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NYPA, State Police to Deploy Fuel Cells in $434,000 Communications Program         

Connie Cullen

December 28, 2006


WHITE PLAINS—The New York Power Authority (NYPA) said Thursday that it will work with the New York State Police in a $434,000 program to deploy fuel cells that will provide backup power at 22 public safety communications facilities.

 “There is no better use for advanced energy technologies than protecting public health and safety,” Timothy S. Carey, NYPA’s president and chief executive officer, said.  “These fuel cell installations will keep state communications on-line when they are often needed the most, during power outages and other emergency situations.”

Carey noted that the new program reflects two of Gov. George E. Pataki’s top priorities during his tenure in Albany—enhancing the health and safety of the state’s citizens and developing clean new energy technologies.

Among the sites to be served by the new Fuel Cells for Emergency Communications (FC4EC) program is a New York State Department of Transportation (DOT) communications tower in Albion. This facility, which handles communications in Western New York, was disabled during the October snow emergency. The fuel cell backup power is designed to allow communications facilities to continue to operate in the event of the loss of power from the grid.

The State Police will coordinate the program with assistance from the Power Authority, which has installed fuel cells at various locations throughout the state, including the New York Police Department Central Park station in Manhattan. During the August 2003 blackout, that fuel cell kept the police station running by providing electricity for the facility without interruption.

 “The Power Authority has undertaken more than a dozen fuel cell projects, in various types of applications using different fuel sources, to demonstrate reductions in air pollution and the advantages of distributed power supply,” Carey said.  “We are pleased to play a role in this important new initiative.”

The fuel cells to be installed will be produced by Plug Power of Latham. The GenCore® fuel cell systems, according to Plug Power, are “high-performance solutions for the critical backup power needs of the telecommunications, utility and industrial uninterruptible power supply markets. The hydrogen-fueled GenCore five-kilowatt backup fuel cell system is available in seven configurations providing a high level of flexibility to meet diverse customer needs. Unlike traditional technologies, which can be unpredictable, expensive to maintain and harmful to the environment, GenCore systems deliver up to five kilowatts of reliable backup power over a wide range of operating environments—with zero emissions.”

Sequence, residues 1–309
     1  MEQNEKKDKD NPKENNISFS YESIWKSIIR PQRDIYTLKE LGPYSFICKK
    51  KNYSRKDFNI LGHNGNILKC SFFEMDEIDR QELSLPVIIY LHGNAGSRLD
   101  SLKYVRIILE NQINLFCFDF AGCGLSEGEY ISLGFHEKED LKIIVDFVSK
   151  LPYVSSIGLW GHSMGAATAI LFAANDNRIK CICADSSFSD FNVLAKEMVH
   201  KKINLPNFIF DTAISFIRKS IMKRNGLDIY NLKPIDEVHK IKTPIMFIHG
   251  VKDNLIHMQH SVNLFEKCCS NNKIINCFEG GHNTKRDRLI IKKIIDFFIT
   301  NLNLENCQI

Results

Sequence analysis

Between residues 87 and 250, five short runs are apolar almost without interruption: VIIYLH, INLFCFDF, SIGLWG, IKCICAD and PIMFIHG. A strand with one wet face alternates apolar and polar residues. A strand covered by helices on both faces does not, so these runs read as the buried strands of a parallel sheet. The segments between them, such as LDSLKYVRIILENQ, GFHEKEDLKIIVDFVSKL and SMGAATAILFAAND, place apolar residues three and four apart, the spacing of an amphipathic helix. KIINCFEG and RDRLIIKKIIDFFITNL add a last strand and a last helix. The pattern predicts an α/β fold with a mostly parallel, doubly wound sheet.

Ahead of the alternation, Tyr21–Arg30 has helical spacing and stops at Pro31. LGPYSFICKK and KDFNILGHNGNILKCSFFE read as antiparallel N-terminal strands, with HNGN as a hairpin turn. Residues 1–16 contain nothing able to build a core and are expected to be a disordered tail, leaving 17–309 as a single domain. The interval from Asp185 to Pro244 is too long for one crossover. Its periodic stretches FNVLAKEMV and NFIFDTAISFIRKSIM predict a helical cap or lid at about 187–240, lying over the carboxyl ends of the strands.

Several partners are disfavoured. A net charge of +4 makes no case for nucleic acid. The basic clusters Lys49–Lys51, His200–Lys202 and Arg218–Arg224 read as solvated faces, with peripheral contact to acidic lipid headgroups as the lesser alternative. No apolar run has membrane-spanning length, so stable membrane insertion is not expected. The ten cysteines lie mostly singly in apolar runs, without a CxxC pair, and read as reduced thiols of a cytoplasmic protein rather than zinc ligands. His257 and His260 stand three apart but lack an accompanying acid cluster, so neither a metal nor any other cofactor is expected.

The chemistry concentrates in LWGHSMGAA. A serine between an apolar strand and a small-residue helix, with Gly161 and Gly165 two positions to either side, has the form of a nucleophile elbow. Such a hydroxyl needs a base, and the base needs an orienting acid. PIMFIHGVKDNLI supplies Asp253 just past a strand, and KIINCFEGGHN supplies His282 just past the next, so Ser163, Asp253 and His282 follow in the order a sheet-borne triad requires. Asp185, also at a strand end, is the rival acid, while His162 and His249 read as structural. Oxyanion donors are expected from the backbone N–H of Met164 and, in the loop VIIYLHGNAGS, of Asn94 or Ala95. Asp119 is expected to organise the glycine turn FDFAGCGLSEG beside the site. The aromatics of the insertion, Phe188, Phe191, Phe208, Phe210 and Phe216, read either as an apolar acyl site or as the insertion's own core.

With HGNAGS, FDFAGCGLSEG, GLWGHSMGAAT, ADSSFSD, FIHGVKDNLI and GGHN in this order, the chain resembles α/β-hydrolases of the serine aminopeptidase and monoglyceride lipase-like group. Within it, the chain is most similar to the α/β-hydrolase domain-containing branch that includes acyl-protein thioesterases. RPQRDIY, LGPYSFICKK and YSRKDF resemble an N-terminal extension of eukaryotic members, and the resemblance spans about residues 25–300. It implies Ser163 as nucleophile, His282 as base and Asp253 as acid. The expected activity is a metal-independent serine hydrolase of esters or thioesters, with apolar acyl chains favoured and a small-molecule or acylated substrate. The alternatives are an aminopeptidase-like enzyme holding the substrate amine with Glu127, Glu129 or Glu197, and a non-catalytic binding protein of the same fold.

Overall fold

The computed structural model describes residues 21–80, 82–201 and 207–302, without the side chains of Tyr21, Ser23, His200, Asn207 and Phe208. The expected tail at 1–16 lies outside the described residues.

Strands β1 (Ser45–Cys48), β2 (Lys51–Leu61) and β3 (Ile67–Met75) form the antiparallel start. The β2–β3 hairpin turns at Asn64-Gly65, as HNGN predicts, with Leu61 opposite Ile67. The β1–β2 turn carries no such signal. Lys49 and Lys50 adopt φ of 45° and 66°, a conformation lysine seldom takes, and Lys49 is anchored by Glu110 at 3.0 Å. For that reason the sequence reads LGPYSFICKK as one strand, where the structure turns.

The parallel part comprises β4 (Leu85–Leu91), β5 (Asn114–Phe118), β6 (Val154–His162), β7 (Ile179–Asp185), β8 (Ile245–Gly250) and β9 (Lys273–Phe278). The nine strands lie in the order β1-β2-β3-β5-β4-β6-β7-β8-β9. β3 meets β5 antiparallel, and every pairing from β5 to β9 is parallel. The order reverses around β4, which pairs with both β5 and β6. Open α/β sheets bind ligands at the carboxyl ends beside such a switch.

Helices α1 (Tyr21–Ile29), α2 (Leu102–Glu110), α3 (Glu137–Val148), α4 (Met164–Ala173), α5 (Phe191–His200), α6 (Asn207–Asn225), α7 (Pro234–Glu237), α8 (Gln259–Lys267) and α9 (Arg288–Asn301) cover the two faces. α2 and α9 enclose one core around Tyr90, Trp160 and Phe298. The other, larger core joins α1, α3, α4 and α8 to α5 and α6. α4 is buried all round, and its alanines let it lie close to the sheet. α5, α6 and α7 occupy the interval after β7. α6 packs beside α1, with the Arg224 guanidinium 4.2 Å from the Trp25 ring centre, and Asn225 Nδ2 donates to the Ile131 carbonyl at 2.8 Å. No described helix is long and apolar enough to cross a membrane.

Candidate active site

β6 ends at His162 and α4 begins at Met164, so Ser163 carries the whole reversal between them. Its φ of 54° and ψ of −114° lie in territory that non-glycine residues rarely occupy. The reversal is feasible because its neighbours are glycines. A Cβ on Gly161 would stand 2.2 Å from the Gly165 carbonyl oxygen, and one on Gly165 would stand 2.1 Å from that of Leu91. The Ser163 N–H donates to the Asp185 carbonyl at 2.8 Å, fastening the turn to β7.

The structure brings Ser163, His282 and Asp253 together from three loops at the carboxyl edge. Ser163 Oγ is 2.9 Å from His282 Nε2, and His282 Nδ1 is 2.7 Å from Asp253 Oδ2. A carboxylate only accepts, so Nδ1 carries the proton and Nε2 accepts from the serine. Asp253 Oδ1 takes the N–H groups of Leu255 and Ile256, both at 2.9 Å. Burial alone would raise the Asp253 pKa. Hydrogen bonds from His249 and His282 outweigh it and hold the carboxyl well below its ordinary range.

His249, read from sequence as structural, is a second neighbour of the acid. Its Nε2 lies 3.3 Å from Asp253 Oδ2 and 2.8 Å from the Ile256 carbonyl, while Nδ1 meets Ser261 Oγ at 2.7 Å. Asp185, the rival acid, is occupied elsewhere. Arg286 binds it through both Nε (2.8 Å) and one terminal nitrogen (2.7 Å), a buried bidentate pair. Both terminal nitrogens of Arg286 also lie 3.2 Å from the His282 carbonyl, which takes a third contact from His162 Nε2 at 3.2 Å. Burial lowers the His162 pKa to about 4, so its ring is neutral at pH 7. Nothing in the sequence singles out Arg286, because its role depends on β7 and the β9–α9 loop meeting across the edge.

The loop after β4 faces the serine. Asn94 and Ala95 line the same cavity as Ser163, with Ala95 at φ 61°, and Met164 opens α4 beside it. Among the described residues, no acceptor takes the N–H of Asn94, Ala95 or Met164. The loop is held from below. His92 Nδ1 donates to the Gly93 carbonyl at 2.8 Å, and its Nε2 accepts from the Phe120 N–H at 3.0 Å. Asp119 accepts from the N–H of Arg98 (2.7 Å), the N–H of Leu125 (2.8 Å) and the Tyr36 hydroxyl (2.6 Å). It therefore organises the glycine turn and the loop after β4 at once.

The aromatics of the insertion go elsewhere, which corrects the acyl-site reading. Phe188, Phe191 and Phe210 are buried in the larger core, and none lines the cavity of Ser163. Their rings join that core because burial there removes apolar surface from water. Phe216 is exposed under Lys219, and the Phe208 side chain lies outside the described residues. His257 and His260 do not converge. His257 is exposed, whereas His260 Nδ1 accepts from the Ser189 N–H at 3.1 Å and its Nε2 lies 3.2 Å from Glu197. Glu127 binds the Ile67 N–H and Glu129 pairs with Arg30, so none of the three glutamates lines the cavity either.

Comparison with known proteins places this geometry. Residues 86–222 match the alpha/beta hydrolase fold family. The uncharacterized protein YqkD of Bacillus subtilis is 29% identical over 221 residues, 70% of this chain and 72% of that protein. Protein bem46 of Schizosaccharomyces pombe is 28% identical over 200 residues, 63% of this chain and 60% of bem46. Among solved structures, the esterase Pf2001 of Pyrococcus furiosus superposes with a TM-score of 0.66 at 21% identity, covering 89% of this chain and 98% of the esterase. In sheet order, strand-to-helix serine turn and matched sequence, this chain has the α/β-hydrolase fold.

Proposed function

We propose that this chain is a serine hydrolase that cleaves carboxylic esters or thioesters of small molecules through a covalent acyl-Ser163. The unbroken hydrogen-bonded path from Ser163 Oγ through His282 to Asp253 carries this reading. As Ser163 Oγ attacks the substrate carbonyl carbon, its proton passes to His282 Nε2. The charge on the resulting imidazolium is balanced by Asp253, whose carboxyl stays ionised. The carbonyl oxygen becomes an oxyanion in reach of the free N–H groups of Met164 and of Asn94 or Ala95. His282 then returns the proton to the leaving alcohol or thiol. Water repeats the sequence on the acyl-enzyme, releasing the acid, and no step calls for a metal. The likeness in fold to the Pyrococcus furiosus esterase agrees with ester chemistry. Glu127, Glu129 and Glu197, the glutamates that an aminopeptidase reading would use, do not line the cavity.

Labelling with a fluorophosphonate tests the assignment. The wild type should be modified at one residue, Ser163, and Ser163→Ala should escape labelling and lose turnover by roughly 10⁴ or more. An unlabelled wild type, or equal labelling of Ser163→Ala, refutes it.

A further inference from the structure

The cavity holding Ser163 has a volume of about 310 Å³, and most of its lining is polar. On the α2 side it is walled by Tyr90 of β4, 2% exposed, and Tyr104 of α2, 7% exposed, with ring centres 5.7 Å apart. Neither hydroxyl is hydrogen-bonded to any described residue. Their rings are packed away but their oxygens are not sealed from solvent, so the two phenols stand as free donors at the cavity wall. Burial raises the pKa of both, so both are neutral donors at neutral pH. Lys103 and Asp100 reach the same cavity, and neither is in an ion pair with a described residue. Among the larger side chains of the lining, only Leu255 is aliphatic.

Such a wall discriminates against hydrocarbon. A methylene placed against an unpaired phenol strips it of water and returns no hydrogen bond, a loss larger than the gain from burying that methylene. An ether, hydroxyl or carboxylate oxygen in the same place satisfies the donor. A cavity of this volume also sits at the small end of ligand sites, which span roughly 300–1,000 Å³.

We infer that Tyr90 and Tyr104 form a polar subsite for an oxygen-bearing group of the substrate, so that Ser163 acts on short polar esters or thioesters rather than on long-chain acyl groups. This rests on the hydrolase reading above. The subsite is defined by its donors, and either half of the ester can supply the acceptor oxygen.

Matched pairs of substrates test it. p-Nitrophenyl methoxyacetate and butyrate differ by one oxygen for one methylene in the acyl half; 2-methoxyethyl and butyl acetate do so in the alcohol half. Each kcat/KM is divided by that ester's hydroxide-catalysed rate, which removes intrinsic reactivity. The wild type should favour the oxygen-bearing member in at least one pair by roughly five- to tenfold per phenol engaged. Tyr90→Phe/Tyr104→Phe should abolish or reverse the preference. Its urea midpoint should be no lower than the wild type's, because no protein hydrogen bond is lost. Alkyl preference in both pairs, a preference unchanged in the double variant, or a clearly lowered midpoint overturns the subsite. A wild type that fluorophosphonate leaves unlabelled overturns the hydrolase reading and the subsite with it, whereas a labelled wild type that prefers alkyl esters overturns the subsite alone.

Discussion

The 22 facilities scheduled to have fuel cell backup power systems installed include the DOT site in Albion, Orleans County; a New York State Police site in Rensselaer County; seven New York State Department of Environmental Conservation sites in Chenango, Madison, Steuben, Chautauqua, Cattaraugus, Washington and Cortland Counties; a Village of Stamford site in Delaware County; a facility operated by the State Police and DOT in Clinton County; four facilities owned by the New York State Department of Agriculture and Markets on the State Fair Grounds in Onondaga County; a Town of Schodack site in Rensselaer County; four facilities owned by Saratoga County; and two facilities owned by the New York State Office for Technology in Albany County.

The $434,000 in funding for the program will be provided from Petroleum Overcharge Restitution (POCR) funds. Administered by the Power Authority in New York State, POCR funds are the proceeds of court settlements relating to oil company violations of federal price controls in the 1970s and 1980s.

 About NYPA:

 ■    NYPA uses no tax money or state credit.  It finances its operations through the sale of bonds and revenues earned in large part through sales of electricity.  ■    NYPA is a leader in promoting energy-efficiency, new energy technologies and electric transportation initiatives.  ■    It is the nation’s largest state-owned electric utility, with 18 generating facilities in various parts of the state and more than 1,400 circuit-miles of transmission lines.

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